October 15, 2020 report
Replacing asphalt with forest-type plants at daycare centers found to strengthen immune defenses in children
A team of researchers affiliated with multiple institutions in Finland and one in the Czech Republic has found that replacing asphalt in play areas at daycare centers with natural vegetation can lead to stronger immune defenses in the children at the centers. In their paper published in the journal Science Advances, the group describes removing asphalt from play areas at several daycare centers and replacing it with forest floor vegetation, and what they found when they tested the children who attended the centers.
Prior research has suggested that one of the reasons for increased rates of autoimmune diseases in many parts of the world, such as inflammatory bowel disease, type 1 diabetes, eczema and asthma, is lack of exposure to elements that push children's immune systems to respond. The thinking is that repeated exposure to natural elements like dust, dirt and pollen while young strengthens the immune system. Researchers have noted that children living in some urban areas are most at risk of missing out on such exposure and that might explain their higher rates of autoimmune diseases. In this new effort, the researchers sought to test this theory by changing the environment in which such children play—playgrounds at daycare centers in urban areas.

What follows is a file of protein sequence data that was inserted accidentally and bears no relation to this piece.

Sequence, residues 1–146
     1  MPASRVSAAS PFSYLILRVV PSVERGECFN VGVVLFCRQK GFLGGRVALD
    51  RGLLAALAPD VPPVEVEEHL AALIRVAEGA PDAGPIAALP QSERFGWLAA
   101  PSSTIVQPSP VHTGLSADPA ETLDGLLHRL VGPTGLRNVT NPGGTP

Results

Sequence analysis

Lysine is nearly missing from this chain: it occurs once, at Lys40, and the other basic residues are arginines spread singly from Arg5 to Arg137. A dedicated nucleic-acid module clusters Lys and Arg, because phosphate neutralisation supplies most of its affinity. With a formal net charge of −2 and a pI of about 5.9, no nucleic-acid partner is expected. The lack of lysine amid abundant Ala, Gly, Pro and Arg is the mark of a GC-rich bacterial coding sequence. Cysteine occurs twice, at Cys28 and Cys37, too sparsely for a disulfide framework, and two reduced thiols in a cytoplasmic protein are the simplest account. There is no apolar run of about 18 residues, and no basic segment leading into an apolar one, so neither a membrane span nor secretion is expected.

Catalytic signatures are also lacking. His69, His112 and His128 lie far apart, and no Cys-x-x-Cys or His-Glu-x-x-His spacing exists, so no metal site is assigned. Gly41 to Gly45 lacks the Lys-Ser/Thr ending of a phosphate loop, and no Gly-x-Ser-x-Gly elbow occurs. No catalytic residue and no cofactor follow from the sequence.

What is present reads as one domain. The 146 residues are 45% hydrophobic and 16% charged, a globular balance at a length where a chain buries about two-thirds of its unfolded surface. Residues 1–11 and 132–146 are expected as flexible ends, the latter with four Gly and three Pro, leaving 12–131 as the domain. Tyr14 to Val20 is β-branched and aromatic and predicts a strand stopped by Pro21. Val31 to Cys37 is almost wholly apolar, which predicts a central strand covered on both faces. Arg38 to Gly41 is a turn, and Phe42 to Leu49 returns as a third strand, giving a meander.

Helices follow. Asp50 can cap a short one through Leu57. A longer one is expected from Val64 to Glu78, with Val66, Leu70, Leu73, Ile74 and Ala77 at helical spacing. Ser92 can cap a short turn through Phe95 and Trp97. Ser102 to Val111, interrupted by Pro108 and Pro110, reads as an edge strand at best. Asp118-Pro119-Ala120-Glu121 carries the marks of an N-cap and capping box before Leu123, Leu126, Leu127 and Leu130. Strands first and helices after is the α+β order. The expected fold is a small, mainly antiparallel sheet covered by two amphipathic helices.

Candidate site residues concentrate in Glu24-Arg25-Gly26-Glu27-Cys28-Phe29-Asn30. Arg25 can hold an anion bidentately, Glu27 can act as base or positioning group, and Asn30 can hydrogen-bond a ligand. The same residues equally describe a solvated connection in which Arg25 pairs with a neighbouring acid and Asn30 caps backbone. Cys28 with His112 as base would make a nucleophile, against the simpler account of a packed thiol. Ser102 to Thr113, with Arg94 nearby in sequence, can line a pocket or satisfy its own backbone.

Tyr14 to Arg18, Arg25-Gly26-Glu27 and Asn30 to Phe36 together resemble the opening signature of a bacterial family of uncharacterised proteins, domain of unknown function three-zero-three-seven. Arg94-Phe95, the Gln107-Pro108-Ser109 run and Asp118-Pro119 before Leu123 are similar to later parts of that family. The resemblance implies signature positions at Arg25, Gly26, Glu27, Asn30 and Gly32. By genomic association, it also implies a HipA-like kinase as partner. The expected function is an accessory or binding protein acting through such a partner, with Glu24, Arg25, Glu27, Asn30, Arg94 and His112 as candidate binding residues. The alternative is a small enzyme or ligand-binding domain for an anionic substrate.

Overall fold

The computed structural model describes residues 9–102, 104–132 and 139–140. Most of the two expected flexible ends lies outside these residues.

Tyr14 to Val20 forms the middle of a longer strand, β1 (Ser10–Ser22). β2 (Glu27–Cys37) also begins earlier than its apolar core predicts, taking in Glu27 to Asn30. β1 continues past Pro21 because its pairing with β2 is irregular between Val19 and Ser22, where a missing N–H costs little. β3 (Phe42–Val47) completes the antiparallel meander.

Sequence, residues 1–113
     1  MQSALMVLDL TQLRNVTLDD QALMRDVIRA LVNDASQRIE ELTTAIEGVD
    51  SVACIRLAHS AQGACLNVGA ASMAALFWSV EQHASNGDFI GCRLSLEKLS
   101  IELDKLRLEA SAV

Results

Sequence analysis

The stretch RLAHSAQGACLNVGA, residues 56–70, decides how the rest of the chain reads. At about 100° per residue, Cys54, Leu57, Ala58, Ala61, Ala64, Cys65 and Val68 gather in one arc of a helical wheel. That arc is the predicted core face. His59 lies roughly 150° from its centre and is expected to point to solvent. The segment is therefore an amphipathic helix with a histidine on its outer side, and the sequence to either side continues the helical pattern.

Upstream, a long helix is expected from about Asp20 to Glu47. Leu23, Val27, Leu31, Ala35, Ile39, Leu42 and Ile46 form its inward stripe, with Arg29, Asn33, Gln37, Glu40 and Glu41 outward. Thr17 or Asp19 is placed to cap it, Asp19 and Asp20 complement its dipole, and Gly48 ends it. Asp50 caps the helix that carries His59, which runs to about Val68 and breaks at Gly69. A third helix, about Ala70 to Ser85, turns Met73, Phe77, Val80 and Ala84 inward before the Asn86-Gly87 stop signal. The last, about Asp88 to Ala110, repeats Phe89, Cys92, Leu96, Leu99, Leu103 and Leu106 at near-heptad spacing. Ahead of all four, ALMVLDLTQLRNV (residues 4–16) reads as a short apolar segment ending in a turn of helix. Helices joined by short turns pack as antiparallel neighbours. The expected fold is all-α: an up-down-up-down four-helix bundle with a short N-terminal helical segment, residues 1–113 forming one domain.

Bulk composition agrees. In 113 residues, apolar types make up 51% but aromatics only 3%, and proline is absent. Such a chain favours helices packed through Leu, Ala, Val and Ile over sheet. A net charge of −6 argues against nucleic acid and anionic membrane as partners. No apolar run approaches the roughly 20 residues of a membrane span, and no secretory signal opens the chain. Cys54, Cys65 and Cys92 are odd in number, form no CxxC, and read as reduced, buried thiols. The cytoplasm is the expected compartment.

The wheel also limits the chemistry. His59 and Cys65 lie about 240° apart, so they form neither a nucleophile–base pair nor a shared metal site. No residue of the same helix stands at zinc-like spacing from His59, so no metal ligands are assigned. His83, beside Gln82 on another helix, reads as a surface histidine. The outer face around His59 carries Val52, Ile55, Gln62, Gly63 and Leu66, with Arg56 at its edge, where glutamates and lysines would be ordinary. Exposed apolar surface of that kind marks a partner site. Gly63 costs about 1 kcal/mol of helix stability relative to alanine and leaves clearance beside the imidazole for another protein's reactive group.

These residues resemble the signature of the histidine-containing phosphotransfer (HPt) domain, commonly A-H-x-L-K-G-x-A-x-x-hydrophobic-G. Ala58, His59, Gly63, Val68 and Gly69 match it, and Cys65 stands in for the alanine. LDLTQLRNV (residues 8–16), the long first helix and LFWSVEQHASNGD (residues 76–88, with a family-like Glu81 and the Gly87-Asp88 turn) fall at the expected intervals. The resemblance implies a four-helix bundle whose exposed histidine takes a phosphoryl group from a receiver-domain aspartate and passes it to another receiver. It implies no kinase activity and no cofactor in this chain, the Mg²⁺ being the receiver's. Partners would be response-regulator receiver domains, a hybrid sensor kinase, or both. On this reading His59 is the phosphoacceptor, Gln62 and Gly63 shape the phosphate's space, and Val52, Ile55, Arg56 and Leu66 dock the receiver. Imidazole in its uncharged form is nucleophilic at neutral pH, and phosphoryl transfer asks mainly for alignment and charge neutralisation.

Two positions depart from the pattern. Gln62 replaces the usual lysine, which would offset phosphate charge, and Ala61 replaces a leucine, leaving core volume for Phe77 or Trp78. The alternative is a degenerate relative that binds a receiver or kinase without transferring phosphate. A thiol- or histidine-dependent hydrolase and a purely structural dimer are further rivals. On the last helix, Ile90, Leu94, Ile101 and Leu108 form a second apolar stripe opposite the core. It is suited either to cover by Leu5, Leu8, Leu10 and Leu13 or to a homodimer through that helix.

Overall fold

To learn more about the possible impact of exposure to natural elements, the researchers received permission to replace the asphalt at several daycare centers in two of Finland's major cities—and then to replace it with turf dug up from forest areas. In addition to forest floor sod, the researchers also brought forest shrubs, bushes and mosses. The children in the centers were then encouraged to play in the upgraded areas during their time outdoors. The children were all tested prior to installation of the natural material and then again 28 days afterward, for immune system markers.
The researchers acknowledge that their test group was small—just 75 children were participants—but suggest their striking results warranted publication of their findings. In addition to a large (a third higher than a control group) increase in skin biome, the researchers found positive changes to proteins and cells (regulatory T cells and anti-inflammatory cytokines) that have been found to be present in people with a more robust immune system. They suggest more work needs to be done to prove the benefits of such a change in the childhood environment and then to push for changes to be made.
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